Other stories which will probably end up on my ballot:

  • “The Cartographer Wasps and the Anarchist Bees” by E. Lily Yu from Clarkesworld
  • “Semiramis” by Genevieve Valentine from Clarkesworld
  • “Six Months, Three Days” by Charlie Jane Anders at tor.com
  • “Fields of Gold” by Rachel Swirsky in Eclipse Four
  • “Tidal Forces” by Caitlin Kiernan in Eclipse Four
  • “Widows in the World” by Gavin Grant from Strange Horizons
  • And some other stories, depending on how much I get through of my timely purchase of The Year’s Best SF&F.

    Dramatic Presentations Short and Long
    Do you remember when The Guardian decided The Wire was the best thing ever, and wouldn’t shut up about how great it was in completely unrelated posts until you were sick of it? That is me and Community right now. Nominate “Remedial Chaos Theory” for Best Dramatic Presentation, Short Form, because let’s face it, nothing can stop the juggernaut that is Doctor Who and Neil Gaiman combined, so we may as well get something fun on the ballot. I’ll wear a black goatee!

    As for BDP:Long Form, I plan to nominate Portal 2, because it is brilliant and provided me with more entertainment than almsot anything else from last year. Let’s go to space!

    Best Fan Writer
    Let’s nominate Abigail Nussbaum. Here is a selection of her excellent writing from the past year: book reviews from Terry Pratchett’s Snuff to the work of Gwyneth Jones and a fascinating review of MJ Engh’s Arslan (and be sure to read the comments on that one), and equally brilliant writing on SF&F TV and film. Whether I agree or disagree with her opinions, it’s never less than interesting to read them.

    In summary: “Not the End of the World”, “Remedial Chaos Theory”, Portal 2, Abigail Nussbaum.

The Kitschies

The winners of the Kitschies were announced on Friday night, which basically proved I am horrendously bad at predicting awards. I posted my predictions over at Martin’s blog, and managed a 1 in 3 success rate. The success was the Golden Tentacle category, where having read only God’s War I nonetheless felt confident in predicting it would win, and I knew I was correct even before the judges made a remark about the winner being about organ donation. Score one for me, and a well-deserved winner of a fetching and cuddly trophy.

For the Inky Tentacle I had an obvious front-runner in the form of A Monster Calls, which is full of gorgeous, unsettling illustrations, and even taking the cover alone I didn’t see how the others could compete against that. But I didn’t think the rest of the covers on the shortlist were all that brilliant – no nods for the stylish, slightly retro cover for By Light Alone, or the striking cover of The Kingdom of Gods, and even if you’re more into graphic design and layout than actual artwork, I’d still take the cover of Osama, or maybe the foreboding image from Zone One over most of the nominees. The eventual winner was the cover for Glen Duncan’s The Last Werewolf, which just proves that it is very difficult to second-guess someone’s taste in art when you are clearly miles and miles apart.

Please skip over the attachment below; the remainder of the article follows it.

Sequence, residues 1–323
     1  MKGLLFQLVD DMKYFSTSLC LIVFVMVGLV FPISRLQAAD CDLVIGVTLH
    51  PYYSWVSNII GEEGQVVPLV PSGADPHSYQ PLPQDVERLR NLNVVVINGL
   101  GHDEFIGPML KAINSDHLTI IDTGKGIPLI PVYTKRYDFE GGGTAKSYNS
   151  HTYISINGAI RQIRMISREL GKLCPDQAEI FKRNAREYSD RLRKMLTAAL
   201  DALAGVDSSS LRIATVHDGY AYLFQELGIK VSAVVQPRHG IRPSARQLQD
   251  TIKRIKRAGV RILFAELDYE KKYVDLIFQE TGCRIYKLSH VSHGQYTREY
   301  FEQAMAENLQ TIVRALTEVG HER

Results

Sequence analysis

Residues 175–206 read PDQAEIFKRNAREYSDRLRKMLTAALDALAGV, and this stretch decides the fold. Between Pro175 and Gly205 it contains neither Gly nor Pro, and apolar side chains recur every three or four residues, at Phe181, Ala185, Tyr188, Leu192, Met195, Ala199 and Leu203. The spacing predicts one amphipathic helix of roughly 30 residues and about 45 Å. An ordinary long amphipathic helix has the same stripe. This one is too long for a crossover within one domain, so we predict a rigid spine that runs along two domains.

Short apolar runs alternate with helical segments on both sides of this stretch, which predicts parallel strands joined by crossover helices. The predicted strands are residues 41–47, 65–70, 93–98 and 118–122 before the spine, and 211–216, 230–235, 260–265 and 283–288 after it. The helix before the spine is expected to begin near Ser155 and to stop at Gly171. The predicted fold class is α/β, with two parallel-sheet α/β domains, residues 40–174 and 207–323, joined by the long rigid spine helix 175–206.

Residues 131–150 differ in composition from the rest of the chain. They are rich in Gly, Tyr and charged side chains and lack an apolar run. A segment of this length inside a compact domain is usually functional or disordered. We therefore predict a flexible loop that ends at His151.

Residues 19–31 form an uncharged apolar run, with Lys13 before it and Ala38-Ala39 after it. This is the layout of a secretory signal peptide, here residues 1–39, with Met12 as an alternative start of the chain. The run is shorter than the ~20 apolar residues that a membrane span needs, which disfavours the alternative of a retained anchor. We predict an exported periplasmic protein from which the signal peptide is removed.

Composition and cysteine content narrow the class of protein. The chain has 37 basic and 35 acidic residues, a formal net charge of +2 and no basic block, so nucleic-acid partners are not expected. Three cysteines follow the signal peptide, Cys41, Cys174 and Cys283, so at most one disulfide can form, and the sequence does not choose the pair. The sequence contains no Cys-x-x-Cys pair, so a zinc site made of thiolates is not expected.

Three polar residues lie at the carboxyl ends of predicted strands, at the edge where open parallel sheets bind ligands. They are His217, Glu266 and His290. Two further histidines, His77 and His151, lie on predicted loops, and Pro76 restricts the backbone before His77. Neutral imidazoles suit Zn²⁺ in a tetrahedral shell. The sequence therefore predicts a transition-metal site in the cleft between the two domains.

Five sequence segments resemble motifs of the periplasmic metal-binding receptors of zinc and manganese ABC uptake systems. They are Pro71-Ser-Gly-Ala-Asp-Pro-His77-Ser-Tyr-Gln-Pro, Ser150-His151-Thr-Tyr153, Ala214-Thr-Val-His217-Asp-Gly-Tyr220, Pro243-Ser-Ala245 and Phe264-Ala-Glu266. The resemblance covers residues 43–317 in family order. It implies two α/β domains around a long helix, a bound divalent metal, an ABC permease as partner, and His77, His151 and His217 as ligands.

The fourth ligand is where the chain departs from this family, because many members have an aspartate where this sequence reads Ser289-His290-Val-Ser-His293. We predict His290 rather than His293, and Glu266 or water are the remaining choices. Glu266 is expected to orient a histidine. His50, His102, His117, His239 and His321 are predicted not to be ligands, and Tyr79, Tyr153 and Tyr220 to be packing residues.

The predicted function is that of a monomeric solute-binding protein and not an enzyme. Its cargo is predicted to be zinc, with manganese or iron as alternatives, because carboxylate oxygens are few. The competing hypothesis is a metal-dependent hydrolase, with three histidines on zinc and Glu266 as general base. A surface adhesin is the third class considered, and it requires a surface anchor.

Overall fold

I had a strong personal frontrunner for the Inky Tentacle, and a strong suspicion that I would be completely wrong. I thought the Red Tentacle would be much easier to predict, but I was once again totally off. I like A Monster Calls a lot – it is moving and emotional and beautifully illustrated, and the more I think about it the more I realise how beautiful the pacing is, building up to the climax which is not shocking but satisying and sad all the same. It made me cry, a wee bit, and not a lot of books do that. If I were picking the best book of the year, with no other criteria, I might be tempted to choose it.

But the Kitschies do have criteria. They are for the year’s “most progressive, intelligent and entertaining works”, and even without having read the whole shortlist, I have a hard time seeing how A Monster Calls fulfils these better than two of the other novels – Osama and Embassytown. Osama engages with violence and terrorism through the trappings of noir and pulp fiction, while Embassytown is a dissertation of language and linguistics and philosophy wrapped up in a space opera. Both reward careful reading and thinking and have sparked extensive discussion, while A Monster Calls is a book I reacted to on an entirely different, emotional level. Perhaps, as as was suggested while queueing for fish and chips shortly before the award presentation, I am looking at the criteria for awards in the wrong way – having decided all these books were progressive, entertaining, and intelligent enough to be on the shortlist, it remained only to pick the best of the five as the winner. But I’m still a little surprised by the choice.

Hugo nominations

The Hugo nominees were announced live at Eastercon (as they were last year, and hopefully will be again). Vince Doherty started the announcements with some graphs and stats, and showed that this year, more people nominated in the Hugos than ever before. He followed it up with the announcement of the fan Hugo categories, and after I had finished applauding for all my friends who were nominated, I realised that the Best Fanzine slate was basically the same as last year. Best Fan Writer has at least one new name and a second-time nominee, and Best Fan Artist has some new nominees (notably Randall Munroe), but the record nomination numbers have failed to have much impact at all. After StarShipSofa’s win last year, I was expecting a flood of podcasts on the ballot, but then I’ve been expecting a flood of blogs to replace fanzines for the past few years, and that hasn’t happened.